Factually, the passenger was taken ill on board a flight from Washington bound for the UAE. An hour passed from the time of the onset of symptoms to the passenger’s eventual death by heart attack. During this time the passenger was attended to by two onboard doctors, and medical care was administered, which included the use of a defibrillator and an electro cardiogram. The incident took place whilst the aircraft was flying over the sea.
In the UAE Courts, it is usual in such matters for the courts to appoint an expert with knowledge of aviation matters. In this case, the expert was able to establish that the airline was not responsible for the death, which was caused by a heart attack internal to the passenger. An emergency landing would have been difficult given that the aircraft was above the sea and the incident from start to finish lasted approximately one hour, which was not sufficient for an emergency landing. The crew were not advised by Medlink (the methodology by which aircraft crew contact medical professionals on the ground for medical advice) to make an emergency landing, and the Defendant provided the deceased with all medical care required to deal with a heart attack, including two on board doctors. As established by laws and precedents, the Court was able to rely on the expert’s report and the Court was not bound to return the assignment to the expert as the report had dealt fully with all the Plaintiffs’ objections. The Court found that there could be no liability on the part of the airline for an act of God.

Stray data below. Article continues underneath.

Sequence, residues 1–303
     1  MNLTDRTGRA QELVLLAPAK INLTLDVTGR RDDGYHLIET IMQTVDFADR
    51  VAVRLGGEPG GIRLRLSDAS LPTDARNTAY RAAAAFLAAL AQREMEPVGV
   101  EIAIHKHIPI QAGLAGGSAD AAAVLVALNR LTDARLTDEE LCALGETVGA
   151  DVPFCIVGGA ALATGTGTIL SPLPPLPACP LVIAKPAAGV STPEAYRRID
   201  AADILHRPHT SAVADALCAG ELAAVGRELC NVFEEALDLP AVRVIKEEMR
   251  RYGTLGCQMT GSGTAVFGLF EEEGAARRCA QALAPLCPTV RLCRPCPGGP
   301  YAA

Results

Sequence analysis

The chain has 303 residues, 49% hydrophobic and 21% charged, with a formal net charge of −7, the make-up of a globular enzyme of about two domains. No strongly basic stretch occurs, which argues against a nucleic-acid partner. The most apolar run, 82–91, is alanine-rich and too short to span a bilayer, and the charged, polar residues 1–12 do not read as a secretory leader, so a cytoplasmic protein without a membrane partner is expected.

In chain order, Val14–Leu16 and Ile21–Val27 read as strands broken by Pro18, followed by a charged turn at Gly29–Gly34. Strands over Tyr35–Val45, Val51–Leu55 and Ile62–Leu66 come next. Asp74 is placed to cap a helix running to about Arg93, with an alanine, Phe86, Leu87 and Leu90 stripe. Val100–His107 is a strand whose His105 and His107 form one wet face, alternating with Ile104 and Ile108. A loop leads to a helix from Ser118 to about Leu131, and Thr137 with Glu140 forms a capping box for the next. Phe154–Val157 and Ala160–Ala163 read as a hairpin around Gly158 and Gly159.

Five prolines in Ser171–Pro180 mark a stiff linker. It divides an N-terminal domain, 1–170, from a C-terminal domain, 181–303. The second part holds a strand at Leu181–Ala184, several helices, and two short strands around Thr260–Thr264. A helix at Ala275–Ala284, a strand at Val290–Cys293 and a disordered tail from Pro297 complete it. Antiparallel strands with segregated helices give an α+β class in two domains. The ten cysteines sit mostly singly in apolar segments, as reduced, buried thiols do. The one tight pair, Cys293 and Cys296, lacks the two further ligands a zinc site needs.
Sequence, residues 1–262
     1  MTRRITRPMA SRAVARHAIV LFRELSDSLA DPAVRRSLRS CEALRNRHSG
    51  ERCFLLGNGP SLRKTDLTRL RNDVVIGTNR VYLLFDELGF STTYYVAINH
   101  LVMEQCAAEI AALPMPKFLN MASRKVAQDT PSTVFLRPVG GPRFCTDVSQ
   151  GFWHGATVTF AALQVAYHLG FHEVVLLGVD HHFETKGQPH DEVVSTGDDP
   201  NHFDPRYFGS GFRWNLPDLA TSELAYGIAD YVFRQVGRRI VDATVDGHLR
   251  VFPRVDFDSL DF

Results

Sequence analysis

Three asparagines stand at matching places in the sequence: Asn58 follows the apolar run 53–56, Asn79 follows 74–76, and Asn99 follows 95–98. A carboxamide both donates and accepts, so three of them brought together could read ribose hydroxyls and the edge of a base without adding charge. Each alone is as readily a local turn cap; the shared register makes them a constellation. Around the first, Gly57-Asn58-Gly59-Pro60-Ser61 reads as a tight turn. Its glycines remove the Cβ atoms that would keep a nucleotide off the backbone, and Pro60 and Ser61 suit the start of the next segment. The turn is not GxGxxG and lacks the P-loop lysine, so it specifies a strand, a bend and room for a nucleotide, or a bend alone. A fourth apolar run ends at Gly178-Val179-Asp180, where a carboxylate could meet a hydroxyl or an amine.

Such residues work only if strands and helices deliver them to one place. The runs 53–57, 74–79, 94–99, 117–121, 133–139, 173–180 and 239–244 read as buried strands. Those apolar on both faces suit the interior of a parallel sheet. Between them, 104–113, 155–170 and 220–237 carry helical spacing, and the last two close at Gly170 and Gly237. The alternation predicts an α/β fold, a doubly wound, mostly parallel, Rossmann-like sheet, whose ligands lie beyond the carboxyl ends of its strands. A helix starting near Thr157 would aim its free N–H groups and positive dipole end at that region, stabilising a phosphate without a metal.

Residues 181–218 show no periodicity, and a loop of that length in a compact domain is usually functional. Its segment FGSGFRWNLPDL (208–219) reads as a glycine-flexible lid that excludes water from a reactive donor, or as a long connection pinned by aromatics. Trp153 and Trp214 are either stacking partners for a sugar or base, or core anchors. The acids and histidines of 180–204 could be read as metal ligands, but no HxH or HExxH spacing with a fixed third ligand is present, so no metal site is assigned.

In this particular case, the Court appointed expert was extremely knowledgeable on aviation issues and dealt with the matter professionally and fairly. Given the reliance the court places on expert reports, it is a reminder of how important it is for legal advisors to attend expert’s appointments and to fully brief the expert regarding the facts which occurred on board the aircraft as well as the legal and safety regimes which are pertinent to international aircraft travel. It is also important to be aware that the Convention is a comprehensive international treaty that deals with issues of international air law. Nevertheless, a thorough knowledge of local procedure and concepts of Sharia law are also required, and the importance of the appointment of a suitably qualified Court expert to facilitate the correct process of aviation liability litigation in the UAE cannot be overstated.
The case serves as a practical example as to how the UAE Courts may interpret and tackle claims for deaths on board airplanes, especially where an ordinary death has occurred. It must be borne in mind that although this judgment is a final judgment issued by the Abu Dhabi Court of First Instance, which has not been appealed by the Plaintiffs before any of the higher courts, it nonetheless helps clarify and rebut arguments often raised regarding the meaning of ‘accident’ referred to in Article 17 of the Convention. In addition, the UAE Court affirmed by this judgment its legal position on the extent of imposing Diya, which is that heirs shall not be entitled to claim when a death occurs as an Act of God, and where no act or negligence from the part of the carrier is established.